Lawmaker seeks independent review of reserve deputy program 

click to enlarge Robert Bates
  • Tulsa County Sheriff's Office via AP
  • This Tuesday, April 14, 2015 photo provided by the Tulsa County, Oklahoma, Sheriff's Office shows Robert Bates. The 73-year-old Oklahoma reserve sheriff's deputy, who authorities said fatally shot a suspect after confusing his stun gun and handgun, was booked into the county jail Tuesday on a manslaughter charge. Bates surrendered to the Tulsa County Jail and was released after posting $25,000 bond.

A state lawmaker called Thursday for an independent review of Tulsa's reserve deputy program as more questions arose about the training of a 73-year-old volunteer officer who says he accidentally shot a suspect to death while the man was being held down by others.

The Tulsa County Sheriff's Office said it would conduct an internal investigation, but Rep. Mike Shelton fears a growing mistrust of police after a series of high-profile killings by law officers.

"There are too many variables here for me and anyone else to believe that this investigation is going to be impartial," said Shelton, a Democrat from Oklahoma City. "We simply cannot afford to have the public's trust in our law enforcement eroded any further. We need to remove the appearance of personal and political biases from this case."

Reserve deputy Bob Bates has said he mistakenly pulled out a handgun rather than a stun gun on April 2 as Eric Harris lay on the ground after running from deputies conducting a sting operation. Video from the scene captured Bates apologizing for shooting Harris, who was being detained on suspicion that he tried to sell guns to an undercover officer.

"Oh, I shot him! I'm sorry," said Bates, who has been charged with second-degree manslaughter.

Sheriff's spokesman Maj. Shannon Clark said Harris' death prompted an evaluation of the reserve deputy system.

"As with any critical incident, we are doing an internal review of our program and policy to determine if any changes need to take place," Clark said.

But Shelton suggested that the Oklahoma State Bureau of Investigation and the state attorney general's office should step in to help assure Harris' family and the public that any probe is unbiased.

Bates, an insurance executive, has been a volunteer reserve deputy since 2007 or 2008 and served as Sheriff Stanley Glanz's re-election campaign manager in 2012. He has also been a generous donor, giving cars and equipment to the sheriff's office.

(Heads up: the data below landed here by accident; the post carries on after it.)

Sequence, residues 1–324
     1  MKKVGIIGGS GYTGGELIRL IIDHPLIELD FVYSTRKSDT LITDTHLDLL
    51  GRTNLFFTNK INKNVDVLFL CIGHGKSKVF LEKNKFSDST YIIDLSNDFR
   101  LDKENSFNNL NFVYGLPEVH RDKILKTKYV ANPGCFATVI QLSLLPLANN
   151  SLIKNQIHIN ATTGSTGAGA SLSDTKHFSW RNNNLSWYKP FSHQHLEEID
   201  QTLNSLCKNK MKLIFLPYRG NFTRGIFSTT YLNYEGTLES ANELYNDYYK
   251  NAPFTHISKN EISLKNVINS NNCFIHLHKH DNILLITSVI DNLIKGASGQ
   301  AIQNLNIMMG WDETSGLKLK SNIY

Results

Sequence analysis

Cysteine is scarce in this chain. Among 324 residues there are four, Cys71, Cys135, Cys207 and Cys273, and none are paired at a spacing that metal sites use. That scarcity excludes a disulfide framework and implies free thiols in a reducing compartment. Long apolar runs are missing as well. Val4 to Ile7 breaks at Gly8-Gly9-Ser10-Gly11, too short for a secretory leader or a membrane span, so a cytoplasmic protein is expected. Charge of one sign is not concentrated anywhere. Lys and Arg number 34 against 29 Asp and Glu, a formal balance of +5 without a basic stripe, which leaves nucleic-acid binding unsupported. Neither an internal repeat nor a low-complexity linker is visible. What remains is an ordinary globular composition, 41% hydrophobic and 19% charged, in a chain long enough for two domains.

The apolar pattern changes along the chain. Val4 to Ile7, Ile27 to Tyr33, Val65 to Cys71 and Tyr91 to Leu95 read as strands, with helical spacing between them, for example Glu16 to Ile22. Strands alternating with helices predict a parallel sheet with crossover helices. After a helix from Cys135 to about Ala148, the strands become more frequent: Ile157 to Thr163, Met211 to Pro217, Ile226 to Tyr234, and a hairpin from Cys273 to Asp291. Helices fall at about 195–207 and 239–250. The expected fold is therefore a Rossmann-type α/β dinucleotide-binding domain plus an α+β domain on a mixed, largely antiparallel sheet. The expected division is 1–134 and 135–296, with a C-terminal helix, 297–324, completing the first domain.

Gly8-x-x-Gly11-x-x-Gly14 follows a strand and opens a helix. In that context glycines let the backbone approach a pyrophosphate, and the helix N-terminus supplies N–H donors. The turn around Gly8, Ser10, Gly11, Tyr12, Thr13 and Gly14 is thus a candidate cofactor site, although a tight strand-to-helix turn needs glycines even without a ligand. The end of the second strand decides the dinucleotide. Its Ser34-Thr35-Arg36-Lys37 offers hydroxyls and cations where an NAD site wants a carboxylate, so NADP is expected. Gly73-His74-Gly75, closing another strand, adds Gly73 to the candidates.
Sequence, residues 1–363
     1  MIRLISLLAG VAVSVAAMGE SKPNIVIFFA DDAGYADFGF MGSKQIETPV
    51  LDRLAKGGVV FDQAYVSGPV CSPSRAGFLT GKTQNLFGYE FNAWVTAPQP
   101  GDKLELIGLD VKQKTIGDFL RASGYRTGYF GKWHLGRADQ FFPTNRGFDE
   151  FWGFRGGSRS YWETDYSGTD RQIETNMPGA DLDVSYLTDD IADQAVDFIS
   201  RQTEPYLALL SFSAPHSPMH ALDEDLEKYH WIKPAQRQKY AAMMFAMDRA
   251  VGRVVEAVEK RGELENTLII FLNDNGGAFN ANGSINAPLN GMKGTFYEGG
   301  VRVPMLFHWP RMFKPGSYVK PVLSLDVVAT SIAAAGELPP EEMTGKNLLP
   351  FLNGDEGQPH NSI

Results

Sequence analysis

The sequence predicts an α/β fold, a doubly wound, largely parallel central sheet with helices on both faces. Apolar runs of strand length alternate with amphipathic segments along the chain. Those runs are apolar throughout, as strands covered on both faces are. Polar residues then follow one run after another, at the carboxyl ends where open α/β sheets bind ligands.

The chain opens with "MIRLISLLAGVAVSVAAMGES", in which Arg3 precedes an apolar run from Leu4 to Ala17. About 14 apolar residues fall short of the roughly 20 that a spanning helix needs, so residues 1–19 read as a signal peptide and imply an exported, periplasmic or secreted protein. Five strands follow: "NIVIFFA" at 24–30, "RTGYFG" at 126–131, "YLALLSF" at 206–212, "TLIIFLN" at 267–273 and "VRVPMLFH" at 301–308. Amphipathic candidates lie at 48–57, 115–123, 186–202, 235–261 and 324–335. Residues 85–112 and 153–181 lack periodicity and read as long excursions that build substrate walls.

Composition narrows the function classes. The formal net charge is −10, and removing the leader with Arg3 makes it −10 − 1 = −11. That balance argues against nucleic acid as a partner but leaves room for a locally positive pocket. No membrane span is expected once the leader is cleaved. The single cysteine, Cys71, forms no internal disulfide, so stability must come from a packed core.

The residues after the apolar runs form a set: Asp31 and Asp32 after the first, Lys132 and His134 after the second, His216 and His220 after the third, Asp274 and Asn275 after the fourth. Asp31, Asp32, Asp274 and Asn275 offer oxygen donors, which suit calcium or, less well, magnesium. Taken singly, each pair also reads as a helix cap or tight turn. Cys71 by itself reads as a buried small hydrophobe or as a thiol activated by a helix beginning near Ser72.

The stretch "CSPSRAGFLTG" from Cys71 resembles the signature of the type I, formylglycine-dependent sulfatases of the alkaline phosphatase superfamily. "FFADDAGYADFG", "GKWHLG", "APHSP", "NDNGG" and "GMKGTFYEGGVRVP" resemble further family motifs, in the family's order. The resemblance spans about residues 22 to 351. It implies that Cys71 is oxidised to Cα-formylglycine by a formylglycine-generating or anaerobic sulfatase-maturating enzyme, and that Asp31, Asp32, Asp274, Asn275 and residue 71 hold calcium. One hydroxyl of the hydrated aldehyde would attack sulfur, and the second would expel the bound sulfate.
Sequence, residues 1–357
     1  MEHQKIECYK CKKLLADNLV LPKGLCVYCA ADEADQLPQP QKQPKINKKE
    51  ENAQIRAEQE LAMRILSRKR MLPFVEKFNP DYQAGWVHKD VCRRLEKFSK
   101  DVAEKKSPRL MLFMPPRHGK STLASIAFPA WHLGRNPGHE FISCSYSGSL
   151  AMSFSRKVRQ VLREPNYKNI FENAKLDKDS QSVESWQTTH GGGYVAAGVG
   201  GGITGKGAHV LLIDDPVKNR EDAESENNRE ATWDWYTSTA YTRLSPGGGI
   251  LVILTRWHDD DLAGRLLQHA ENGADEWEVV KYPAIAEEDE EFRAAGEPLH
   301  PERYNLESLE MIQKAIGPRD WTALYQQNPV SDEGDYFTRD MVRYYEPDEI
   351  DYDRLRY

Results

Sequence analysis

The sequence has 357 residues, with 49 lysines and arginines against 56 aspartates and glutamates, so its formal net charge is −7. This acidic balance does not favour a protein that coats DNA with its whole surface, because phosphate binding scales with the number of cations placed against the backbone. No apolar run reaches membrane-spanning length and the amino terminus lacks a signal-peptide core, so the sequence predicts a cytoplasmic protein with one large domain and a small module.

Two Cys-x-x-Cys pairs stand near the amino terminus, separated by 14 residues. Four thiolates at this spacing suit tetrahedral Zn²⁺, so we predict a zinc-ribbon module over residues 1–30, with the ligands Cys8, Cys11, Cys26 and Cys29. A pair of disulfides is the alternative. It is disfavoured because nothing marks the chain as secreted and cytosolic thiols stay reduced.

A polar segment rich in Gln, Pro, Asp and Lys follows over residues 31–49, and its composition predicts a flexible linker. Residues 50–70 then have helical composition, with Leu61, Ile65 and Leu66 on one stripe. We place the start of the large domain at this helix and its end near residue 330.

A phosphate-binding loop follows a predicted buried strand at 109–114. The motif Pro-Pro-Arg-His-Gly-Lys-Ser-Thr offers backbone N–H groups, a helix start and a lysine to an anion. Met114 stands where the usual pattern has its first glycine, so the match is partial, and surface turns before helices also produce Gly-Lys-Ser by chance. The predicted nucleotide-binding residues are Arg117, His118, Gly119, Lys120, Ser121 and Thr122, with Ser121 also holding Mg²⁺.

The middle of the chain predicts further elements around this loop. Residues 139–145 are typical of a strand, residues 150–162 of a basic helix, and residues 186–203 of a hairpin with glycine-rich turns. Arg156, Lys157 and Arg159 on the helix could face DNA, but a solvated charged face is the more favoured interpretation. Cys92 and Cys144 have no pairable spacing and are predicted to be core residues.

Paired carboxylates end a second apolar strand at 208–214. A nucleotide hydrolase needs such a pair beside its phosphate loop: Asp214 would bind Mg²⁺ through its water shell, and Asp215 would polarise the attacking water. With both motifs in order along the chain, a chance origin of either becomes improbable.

Harris' family has questioned whether Bates was sufficiently trained. Glanz has said the department cannot locate some of Bates' certification records, and the Tulsa World reported Thursday that sheriff's office supervisors who refused to fudge Bates' paperwork were transferred to other jobs.

In a video interview posted on the newspaper's website, Tulsa World reporters said their sources had told them Bates did not perform well enough at a shooting range to be certified as a law officer but that supervisors were told to approve his performance anyway.

The newspaper reported Thursday that supervisors were told to give Bates credit for field training he never took and firearms certifications for which he was not eligible.

The paper also said at least three of Bates' supervisors were transferred for refusing to go along with the requests. The newspaper said it consulted multiple sources who spoke on condition of anonymity, but it gave no indication how those sources were familiar with the situation.

In a statement after the shooting, Bates said he was certified as an advanced reserve deputy in 2007. The sheriff's office said Bates joined in 2008.

The newspaper reported that Glanz told a Tulsa radio station that Bates had been certified to use three weapons, including the gun he fired at Harris. However, Glanz said the sheriff's office has not been able to find the paperwork on those certifications and that the deputy who prepared the paperwork now works for the Secret Service.

"We can't find the records that she supposedly turned in," Glanz said. "So we are going to talk to her to find out if for sure he's been qualified with those" weapons.

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